Prior to the School Finance Act of 1988, Colorado school districts could levy up to four mills of assessed valuation to pay for capital-related expenses, i.e., construction and maintenance of facilities.
Since 1988, the capital reserve fund was incorporated into the general fund with specific per pupil dollar amounts allocated for that purpose. However, once the State began reducing education funding due to the recession, the legislature repealed all requirements for setting aside operating revenue for capital needs in order to give districts some flexibility to work with budget cuts. Today, many school districts have reduced the amount of money transferred to the capital reserve fund and others have removed it altogether.
Without this requirement, school districts can now allocate more of their operating budget to per-pupil spending. Given the recent economic conditions and Colorado’s worsening educational finance situation, school districts can certainly put this extra money to good use, but how much money are school districts losing in the long run by not budgeting toward capital improvements? Consider the following example:
Let’s say a 4,500-student school district had a total assessed valuation of $450 million dollars. At the pre-School Finance Act level, the district could have levied four mills of its assessed valuation to cover its capital needs, which equates to $1.8 million dollars. In per pupil terms, this would equal $400 per pupil. Compared with today, a school district may reserve anywhere from zero to $200 dollars per pupil.
Because K-12 funding continues to erode in Colorado, it’s highly unlikely that school districts will be able to recoup their capital reserve budgets; certainly not to the level needed for the long run. (One way to look at it is that the State is successful in pushing capital costs back to school districts. Maybe the legislature should re-authorize a capital reserve mill levy? If they aren’t going to face up to the tasks at hand they should at least give local school districts some tools with which to solve the problems.) Regardless, putting off these imminent maintenance needs does nothing but increase long run costs – the old “penny wise but pound foolish” syndrome and losing sight of the big picture.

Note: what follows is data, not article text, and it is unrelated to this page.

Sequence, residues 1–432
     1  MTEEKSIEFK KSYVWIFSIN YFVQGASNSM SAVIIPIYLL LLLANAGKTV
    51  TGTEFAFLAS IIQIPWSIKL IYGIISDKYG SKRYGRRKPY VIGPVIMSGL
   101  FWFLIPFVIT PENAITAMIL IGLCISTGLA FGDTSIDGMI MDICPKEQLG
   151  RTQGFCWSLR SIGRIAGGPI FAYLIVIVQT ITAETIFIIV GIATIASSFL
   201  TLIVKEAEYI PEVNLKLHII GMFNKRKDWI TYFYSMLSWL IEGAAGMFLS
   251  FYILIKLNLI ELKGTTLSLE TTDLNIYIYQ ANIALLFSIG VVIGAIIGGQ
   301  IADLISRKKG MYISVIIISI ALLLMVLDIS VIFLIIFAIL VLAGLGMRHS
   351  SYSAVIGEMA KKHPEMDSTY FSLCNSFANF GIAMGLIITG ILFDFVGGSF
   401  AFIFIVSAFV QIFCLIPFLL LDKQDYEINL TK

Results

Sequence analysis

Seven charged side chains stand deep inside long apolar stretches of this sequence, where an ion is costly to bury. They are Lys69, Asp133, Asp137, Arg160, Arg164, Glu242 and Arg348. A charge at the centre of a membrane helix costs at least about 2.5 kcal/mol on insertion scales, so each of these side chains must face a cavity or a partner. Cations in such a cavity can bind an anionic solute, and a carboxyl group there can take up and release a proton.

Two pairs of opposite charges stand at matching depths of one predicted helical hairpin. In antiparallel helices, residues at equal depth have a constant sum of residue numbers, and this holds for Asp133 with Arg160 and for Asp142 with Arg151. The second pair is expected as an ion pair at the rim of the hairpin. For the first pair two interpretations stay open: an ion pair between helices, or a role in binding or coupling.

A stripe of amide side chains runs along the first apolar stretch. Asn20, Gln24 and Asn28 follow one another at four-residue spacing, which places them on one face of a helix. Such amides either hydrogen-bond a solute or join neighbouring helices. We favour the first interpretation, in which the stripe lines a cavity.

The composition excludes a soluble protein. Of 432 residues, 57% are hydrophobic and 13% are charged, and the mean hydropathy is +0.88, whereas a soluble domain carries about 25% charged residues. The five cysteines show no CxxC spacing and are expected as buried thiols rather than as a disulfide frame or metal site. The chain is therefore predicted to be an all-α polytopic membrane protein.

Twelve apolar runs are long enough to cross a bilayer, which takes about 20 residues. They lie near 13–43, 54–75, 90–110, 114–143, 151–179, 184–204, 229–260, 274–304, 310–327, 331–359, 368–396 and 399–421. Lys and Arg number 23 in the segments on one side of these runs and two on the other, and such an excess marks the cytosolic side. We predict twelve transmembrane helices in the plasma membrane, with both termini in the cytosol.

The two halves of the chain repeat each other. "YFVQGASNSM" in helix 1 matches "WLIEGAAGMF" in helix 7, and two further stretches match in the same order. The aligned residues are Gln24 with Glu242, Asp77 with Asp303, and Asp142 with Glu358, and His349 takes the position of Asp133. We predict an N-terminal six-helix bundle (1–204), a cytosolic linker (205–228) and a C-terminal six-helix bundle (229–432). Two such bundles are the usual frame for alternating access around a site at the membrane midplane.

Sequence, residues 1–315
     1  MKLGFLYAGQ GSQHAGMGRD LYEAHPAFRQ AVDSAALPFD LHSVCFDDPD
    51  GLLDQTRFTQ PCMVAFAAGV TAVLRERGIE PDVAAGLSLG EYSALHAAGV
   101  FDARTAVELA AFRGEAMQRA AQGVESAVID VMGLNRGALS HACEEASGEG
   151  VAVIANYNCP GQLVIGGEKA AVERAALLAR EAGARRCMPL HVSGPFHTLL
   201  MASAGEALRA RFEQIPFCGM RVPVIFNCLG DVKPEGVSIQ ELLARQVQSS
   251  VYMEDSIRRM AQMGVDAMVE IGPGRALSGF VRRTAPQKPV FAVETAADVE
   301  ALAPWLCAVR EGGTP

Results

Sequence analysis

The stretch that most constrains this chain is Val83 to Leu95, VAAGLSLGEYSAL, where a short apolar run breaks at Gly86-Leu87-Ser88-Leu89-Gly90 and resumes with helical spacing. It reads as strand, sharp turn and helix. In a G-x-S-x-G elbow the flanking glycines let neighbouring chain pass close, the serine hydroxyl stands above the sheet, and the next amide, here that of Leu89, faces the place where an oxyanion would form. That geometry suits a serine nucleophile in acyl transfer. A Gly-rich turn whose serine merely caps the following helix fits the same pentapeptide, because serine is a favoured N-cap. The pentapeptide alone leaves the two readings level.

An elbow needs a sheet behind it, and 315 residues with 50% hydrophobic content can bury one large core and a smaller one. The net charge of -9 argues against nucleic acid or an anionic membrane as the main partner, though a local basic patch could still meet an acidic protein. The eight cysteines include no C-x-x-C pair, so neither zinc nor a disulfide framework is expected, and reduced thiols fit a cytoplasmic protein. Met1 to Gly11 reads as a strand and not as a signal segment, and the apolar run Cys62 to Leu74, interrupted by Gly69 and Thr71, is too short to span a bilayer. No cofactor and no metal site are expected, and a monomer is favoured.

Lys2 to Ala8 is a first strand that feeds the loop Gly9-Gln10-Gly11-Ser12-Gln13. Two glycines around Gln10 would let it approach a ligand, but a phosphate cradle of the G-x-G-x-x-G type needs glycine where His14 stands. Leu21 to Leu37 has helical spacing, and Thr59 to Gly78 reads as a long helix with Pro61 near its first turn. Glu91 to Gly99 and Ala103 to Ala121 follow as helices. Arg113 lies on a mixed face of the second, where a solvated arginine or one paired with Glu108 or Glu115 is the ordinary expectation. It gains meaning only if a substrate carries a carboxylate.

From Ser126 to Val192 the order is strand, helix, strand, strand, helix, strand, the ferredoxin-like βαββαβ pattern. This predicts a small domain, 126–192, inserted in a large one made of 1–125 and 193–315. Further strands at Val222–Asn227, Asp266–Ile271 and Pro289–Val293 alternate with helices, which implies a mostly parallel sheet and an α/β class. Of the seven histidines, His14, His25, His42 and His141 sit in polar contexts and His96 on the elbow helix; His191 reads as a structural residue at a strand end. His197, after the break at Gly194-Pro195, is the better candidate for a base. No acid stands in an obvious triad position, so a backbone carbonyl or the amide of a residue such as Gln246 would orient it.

Asking for educational funding to be restored to the level required by Amendment 23 is unrealistic given the fiscal cliff the State is facing over the next several years. A reckoning of the three amendments (Gallagher, TABOG* and Amendment 23) must be accomplished and soon. In the interim, my suggestions to the legislature are as follows:
- DON’T micromanage the BEST program. If necessary, just tighten the guidelines as necessary and hold the BEST Board accountable – let them do what they are supposed to do;
- Restore as much educational funding as reasonably possible; and
- Instead of listening to the loud but generally uninformed anti-tax sentiment, do something you were elected to do – LEAD! Stating that there is “no appetite for” a tax increase is not leading and it doesn’t provide a solution.
*: Intentionally spelled this way because it isn’t a Taxpayers Bill of Rights approved by a well-informed and financially astute electorate. It’s a Taxpayers Bill of Goods because it was “sold” to an unwitting populace.
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